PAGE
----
1. “Single White Female”
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As early as 1992, the schlocky thriller directed by Barbet Schroeder was exploring the murkier waters of female obsession, but it quickly became the gold standard.
That it was saved from being a trashy, throwaway film is thanks to the title’s snappy, ready-made slang (which was amusingly lifted from classified ad parlance). Also, thanks to Jennifer Jason Leigh and Bridget Fonda’s full-throttle performances.
To create the tension, “Single White Female” takes an everyday situation (gal needs a flatmate) and turns it up to eleven. From there, everything goes to the edge (this roommate wants to kill me and take over my life).
While the film’s exciting and often explosive fight scenes didn’t skimp, the emotional turmoil that preceded them was both bonkers and genuinely chilling. A memorable outing involved a meat hook and a screwdriver. In fact, it’s so great that its terrible tagline, “Living with a roommate can be murder,” can be overlooked.
Just might be the definitive story of teenage obsession this century, one made with unrelenting care and enduring cleverness by Melanie Laurent’s gorgeous, twisted and confident second directing effort.
However, despite the fact that Laurent’s leading ladies — relative newcomer Joséphine Japy and radiant Lou de Laâge — are not sexually involved, their instant physical and emotional bond occasionally veers into murky territory in order to amp up the well-earned emotion and tension.
It’s a slow burn tale of teen obsession with some major rewards, trapped in a friendship that slowly spins out into something ugly and abusive (and even bigger questions).
3. “The Neon Demon”
To begin with, Ruby (Jena Malone), in Nicolas Winding Refn’s blood-soaked Hollywood nightmare, tries to be a good friend to young model Jesse (Elle Fanning).
Having good girls around is always a plus, Ruby muses.
The gold body paint that sleazy photographer Jack (Desmond Harrington) smeared all over Jesse during a particularly racy photo shoot still glistens on her body and face as she nods in agreement. A lovely moment has arisen. Ruby appears to take on a motherly role for Jesse, who might be struggling to find her way in her new profession.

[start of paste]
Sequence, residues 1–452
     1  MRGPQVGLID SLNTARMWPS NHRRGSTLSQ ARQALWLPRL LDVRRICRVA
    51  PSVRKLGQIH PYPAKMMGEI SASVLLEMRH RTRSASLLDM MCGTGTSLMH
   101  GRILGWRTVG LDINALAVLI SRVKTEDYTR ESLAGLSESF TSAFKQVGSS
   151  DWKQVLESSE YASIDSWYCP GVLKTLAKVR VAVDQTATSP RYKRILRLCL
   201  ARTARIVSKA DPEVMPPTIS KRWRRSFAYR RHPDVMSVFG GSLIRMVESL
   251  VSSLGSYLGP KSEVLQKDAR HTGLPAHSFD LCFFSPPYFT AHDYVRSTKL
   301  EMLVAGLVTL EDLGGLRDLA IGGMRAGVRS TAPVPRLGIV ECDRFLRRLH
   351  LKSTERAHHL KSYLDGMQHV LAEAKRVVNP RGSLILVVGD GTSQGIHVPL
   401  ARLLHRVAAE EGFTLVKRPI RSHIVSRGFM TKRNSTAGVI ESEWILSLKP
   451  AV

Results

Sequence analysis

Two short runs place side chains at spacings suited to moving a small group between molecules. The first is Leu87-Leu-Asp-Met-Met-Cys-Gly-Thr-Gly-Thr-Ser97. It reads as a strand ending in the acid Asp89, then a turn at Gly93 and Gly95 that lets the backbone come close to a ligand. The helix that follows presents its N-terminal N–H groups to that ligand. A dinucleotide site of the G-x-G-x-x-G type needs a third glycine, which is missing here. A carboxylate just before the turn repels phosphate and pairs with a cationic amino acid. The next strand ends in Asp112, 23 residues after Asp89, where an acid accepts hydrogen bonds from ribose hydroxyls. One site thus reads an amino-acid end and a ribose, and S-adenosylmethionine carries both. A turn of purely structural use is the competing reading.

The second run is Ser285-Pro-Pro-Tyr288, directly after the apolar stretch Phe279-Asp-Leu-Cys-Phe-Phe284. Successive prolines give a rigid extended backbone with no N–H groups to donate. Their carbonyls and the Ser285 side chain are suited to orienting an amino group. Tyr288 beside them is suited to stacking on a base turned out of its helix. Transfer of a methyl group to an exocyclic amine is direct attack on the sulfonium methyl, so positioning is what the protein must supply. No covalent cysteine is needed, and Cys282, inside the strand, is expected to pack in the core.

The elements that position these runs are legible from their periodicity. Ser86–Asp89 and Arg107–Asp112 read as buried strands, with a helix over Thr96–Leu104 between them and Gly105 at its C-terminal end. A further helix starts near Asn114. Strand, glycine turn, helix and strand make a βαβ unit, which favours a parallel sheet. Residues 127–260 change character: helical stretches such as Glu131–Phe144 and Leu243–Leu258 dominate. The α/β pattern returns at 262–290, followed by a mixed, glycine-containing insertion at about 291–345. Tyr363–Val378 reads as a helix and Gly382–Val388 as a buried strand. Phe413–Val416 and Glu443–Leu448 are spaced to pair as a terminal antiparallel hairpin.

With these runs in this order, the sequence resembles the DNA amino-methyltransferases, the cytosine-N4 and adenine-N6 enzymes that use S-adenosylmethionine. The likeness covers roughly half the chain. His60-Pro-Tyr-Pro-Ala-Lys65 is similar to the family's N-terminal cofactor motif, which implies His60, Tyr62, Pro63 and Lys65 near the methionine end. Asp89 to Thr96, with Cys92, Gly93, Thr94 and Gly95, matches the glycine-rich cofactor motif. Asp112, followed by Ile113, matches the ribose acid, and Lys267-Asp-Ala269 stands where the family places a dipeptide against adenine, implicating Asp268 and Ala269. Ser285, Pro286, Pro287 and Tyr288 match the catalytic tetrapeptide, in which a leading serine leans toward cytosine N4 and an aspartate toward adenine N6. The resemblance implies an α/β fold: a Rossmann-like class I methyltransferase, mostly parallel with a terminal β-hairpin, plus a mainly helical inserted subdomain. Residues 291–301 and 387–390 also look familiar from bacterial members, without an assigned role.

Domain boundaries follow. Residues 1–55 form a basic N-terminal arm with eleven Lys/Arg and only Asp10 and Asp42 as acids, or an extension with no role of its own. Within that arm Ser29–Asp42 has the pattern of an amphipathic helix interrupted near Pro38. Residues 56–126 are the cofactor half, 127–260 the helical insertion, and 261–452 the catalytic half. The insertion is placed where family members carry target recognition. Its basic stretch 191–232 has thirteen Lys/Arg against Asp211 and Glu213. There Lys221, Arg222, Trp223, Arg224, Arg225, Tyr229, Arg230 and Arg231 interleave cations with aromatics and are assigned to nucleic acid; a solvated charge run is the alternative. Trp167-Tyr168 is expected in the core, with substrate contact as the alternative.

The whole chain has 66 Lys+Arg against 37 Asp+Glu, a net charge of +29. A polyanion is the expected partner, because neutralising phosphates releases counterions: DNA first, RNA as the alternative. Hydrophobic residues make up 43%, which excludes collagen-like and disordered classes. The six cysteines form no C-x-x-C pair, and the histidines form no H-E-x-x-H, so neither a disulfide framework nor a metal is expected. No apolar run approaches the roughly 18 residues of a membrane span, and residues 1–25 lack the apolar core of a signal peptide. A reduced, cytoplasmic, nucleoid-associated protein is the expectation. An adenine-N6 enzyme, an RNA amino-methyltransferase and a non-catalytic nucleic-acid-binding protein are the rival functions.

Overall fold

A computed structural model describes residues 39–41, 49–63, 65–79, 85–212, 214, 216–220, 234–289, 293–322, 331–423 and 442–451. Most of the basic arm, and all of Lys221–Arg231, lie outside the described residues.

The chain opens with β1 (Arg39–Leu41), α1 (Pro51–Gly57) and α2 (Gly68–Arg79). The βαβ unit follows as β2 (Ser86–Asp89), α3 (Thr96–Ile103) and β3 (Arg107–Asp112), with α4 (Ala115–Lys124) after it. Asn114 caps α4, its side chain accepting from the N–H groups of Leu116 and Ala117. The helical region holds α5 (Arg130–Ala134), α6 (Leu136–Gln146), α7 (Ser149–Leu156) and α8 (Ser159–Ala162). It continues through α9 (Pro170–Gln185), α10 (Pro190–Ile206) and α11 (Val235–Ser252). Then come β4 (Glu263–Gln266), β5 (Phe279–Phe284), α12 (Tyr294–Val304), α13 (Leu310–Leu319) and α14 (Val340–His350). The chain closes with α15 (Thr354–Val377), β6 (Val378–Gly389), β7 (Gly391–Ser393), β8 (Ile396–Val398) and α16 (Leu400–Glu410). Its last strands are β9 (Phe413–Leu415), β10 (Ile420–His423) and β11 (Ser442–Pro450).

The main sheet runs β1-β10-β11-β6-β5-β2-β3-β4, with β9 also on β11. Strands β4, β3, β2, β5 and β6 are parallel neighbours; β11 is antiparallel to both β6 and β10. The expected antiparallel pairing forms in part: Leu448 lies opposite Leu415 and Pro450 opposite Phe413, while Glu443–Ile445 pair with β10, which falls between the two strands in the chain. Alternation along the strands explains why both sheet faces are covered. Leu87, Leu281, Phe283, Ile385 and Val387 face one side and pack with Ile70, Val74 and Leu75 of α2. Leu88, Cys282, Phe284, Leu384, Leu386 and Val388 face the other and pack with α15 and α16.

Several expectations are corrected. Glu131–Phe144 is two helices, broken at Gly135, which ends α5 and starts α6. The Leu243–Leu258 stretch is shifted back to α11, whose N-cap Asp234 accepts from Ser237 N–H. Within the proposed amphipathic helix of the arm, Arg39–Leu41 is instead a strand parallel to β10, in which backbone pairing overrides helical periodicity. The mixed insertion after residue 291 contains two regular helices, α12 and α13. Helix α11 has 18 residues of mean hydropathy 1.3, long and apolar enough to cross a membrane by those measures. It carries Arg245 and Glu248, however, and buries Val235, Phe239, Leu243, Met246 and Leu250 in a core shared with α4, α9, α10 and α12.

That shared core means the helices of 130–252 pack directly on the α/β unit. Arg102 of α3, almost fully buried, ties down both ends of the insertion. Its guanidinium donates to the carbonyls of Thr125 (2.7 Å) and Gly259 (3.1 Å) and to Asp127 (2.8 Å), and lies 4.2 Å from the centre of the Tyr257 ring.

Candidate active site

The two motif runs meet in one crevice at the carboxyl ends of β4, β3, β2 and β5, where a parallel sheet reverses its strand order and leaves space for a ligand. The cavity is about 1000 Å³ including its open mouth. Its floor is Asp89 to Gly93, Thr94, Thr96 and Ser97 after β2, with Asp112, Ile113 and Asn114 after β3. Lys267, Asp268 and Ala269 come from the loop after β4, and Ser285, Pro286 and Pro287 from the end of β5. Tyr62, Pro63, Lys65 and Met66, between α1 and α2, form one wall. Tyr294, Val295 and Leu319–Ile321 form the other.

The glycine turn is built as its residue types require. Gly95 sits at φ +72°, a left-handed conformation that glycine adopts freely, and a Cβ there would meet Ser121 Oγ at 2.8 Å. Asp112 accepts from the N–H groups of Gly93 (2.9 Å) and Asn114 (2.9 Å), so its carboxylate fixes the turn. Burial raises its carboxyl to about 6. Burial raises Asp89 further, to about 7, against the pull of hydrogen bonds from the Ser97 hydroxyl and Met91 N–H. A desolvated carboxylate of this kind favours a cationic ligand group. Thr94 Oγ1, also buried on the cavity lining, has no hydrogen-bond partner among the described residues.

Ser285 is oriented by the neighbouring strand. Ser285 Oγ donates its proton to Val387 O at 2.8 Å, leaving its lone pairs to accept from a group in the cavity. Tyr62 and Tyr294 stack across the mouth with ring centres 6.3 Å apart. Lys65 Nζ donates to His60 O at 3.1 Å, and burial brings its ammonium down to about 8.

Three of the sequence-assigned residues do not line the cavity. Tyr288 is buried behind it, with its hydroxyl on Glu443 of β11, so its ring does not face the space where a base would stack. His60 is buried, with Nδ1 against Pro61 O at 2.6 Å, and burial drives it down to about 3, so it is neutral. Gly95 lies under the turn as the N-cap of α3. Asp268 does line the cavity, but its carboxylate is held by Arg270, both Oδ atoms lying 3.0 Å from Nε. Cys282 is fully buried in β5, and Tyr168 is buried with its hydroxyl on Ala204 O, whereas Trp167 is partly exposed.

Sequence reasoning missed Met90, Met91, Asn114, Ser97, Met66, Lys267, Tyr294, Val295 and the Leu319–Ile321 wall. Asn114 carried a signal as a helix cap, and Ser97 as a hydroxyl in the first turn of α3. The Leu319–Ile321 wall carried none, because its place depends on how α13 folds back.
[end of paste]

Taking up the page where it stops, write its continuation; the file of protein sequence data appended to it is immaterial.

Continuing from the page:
After a short time, Jesse backs down, saying something to the effect of “I’m not as helpless as Ruby thinks.” He then stalks away from Ruby, who has become concerned.
A few years later, Ruby’s warnings prove prophetic as Nicolas Winding Refn’s outrageous (and frequently hilarious) horror film investigates the consequences of female competition, professional jealousy, and what happens when “good girls” turn out to be… very bad.
Every woman Jesse meets (from Ruby to Christina Hendricks’ new agent to a pair of amusing fellow models played by Abbey Lee and Bella Heathcote) turns on her quickly and completely as she ascends to “it” girl. Although it’s a horror movie, the story has a clever and obsessant turn to it.
4. “What Ever Happened to Baby Jane?”
A pioneer of the “psycho-biddy” subgenre, Robert Aldrich’s 1962 thriller manages to cram commentary on all kinds of infatuations, from ageism to professional rivalries, Hollywood to arrested development, even a sad ode to dead parakeets, into one compelling package.
This film’s overriding theme, however, is that only one sister will be able to make it in the competitive music industry.
When it comes to Bette Davis and Joan Crawford’s rivalry, it’s funny and horrifying because they use it to serve Baby Jane and Blanche, who are both utterly deranged and willing to do anything just to get on top of each other.
Although this story seems to have been written for two obsessed sisters, Davis and Crawford met off-screen as well, putting the perfect cap on an enduring saga that only gets better (and more bitter) with time.
5. “Notes on a Scandal”
In a staid London comprehensive school, the arrival of Sheba Hart (Cate Blanchett) as a new art teacher shocks Barbara Covett (Judi Dench) into an obsession fit.
When the elder of the two finds out about Sheba’s scandalous affair with a younger student, Barbara chillingly uses it as the leverage tool to end all leverage tools. Sheba keeps Barbara at a distance despite Barbara’s attempts to connect.
In the Richard Eyre adaptation of Zoe Heller’s novel, the three main characters — Barbara, Sheba, and young student Steven — are driven to madness by their twisted obsessions. But it’s Barbara’s obsessions that keep the plot hurtling towards a wicked and terrible end in the Richard Eyre film.
6. “Heavenly Creatures”
While Peter Jackson’s 1994 fact-based drama had a raw undercurrent of sensuality and unfulfilled desires, “Heavenly Creatures” skillfully straddled the line between sexual obsession and tense friendships.
Whatever Pauline and Juliet’s relationship is, the end result is always one of obsession so deep that it leads to actual bloodshed. This is true no matter who Pauline (Melanie Lynskey) and Juliet are or what their relationship is. Following the fast and dangerous bond between slightly awkward Pauline and the stunning new student Juliet, the film follows the case of Parker-Hulme murder, which rocked New Zealand in 1954.
Pauline and Juliet become fast friends in a way that’s difficult to understand if you haven’t experienced the angst and hormonal rebellion of adolescence. In the event that they are forced to part ways, they retaliate by devising a plot to murder Pauline’s mother and flee, all the while hoping to achieve their mutual goals and literary aspirations.
They never meet again. The film’s chilling postscript is framed by the fallout from their crime.